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Blog - Archive for July 2011

Is Failure to Pay a Breach of Contract?

Posted on Saturday, July 30, 2011 2:32:27 PM

The Court of Appeals for the Federal Circuit has said the government, acting through the contracting officer, must act impartially and judiciously when it makes decisions.  Penner Installation Corp. v. United States, 89 F. Supp. 545 (Ct. Cl.), aff'd, 340 U.S. 898 (1950).  The Court also has said that this duty is akin to the duty to act in good faith with due regard to the contractor's rights and to cooperate with and not interfere in the contractor's performance.

These duties are implied in every government prime contract and may well also be implied in subcontracts as well.  Failure to discharge these duties clearly is a breach of contract.  Even actions which strain the financial capacity of the contractor, such as delayed payments, are breaches of the government's implied duties.

Thus, it is responsible to conclude that any action of the government which interferes with the contractual rights of the contractor gives rise to breach of contract remedies such as the risky (because it invites litigation of termination for default) stopping of work and recovery of damages.  Recovery of damages will not include all the incidental and consequential damages available in non government contract cases, but it does include the recovery of lost anticipated profits.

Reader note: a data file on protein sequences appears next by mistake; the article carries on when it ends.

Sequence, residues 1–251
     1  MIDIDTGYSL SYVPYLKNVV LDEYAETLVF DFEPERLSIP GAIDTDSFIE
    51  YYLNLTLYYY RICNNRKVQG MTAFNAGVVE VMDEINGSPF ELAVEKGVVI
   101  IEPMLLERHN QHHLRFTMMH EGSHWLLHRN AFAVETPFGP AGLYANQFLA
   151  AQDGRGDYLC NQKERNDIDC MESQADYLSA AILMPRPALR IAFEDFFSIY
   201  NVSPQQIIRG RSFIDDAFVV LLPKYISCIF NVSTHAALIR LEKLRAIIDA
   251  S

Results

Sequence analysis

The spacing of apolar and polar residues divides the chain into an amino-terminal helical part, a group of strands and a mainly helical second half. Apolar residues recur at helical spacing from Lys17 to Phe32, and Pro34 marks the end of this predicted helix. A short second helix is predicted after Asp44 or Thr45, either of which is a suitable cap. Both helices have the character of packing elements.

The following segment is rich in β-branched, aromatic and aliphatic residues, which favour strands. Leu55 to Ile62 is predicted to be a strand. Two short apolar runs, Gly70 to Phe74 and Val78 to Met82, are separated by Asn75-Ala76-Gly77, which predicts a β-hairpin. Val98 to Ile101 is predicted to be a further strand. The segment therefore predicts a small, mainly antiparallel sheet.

What the government risks, among many other things, when it shuts down, partially shuts down, furloughs employees and delays or stops making payments is that contractors will sue for damages. 

So far so good for contractors.  However, the government may assert the sovereign act defense to any claim for breach resulting from a failure to appropriate the necessary funds to make contractual payments.  The failure to make appropriations to pay contractual debts may be a sovereign act.  However, there is precedent for the argument that shutdown of government offices so interferes with the contractor's contractual rights that the doctrine does not defeat a claim for damages based on breach of contract.

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The Advantages of Subcontracting

Posted on Tuesday, July 26, 2011 5:16:06 PM

Subcontracting has its advantages.  One of them is the flexibility to negotiate terms and conditions.  The prime contractor may well treat your subcontract as a contract of adhesion by dictating its terms and conditions.  However, if you are knowledgeable about mandatory flow down clauses and skillful in your negotiations, you can reduce your risks and enhance your profits.